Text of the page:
The Arrest of Uganda’s ‘Ghetto President’ Suggests He Has Rattled the Real One

The Arrest of Uganda’s ‘Ghetto President’ Suggests He Has Rattled the Real One
Ugandan lawmakers are taken away in a prison truck after appearing in a court in Gulu, northern Uganda, Aug. 16, 2018 (AP photo by Ronald Kabuubi).

Editor’s Note: Every Friday, WPR Senior Editor Robbie Corey-Boulet curates the top news and analysis from and about the African continent.

Since being elected to Uganda’s parliament last year, Robert Kyagulanyi Ssenatamu has become a major thorn in the side of President Yoweri Museveni. Instantly recognizable in his red beret, Kyagulanyi, an independent politician who first gained fame as a pop star and refers to himself as the “ghetto president,” emerged as the leader of a protest movement in late 2017 against a constitutional amendment to lift Uganda’s presidential age limit. The amendment was apparently designed to enable Museveni, who’s been in power since 1986, to stay in office for the rest of his life, as Julian Hattem noted in a briefing for WPR at the time.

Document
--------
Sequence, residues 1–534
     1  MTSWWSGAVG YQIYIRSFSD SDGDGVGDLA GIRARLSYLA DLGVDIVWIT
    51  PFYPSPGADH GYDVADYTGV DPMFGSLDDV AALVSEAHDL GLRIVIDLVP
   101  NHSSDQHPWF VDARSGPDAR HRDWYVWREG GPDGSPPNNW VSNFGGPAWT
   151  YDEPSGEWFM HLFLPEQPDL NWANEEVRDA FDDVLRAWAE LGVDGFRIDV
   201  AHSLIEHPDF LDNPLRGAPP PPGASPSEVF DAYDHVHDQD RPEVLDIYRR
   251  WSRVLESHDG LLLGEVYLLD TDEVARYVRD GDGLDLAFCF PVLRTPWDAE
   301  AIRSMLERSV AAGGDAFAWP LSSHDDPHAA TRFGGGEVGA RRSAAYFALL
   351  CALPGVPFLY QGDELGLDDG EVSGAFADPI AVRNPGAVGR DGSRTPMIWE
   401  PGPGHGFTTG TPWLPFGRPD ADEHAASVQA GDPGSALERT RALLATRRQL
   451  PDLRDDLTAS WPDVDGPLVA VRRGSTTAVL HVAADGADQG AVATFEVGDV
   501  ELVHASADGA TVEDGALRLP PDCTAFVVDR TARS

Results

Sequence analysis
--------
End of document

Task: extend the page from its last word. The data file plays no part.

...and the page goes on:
Though that amendment passed, the events of this week demonstrate that Kyagulanyi, more commonly known in Uganda as Bobi Wine, remains a potent political force. And he apparently has the government rattled.

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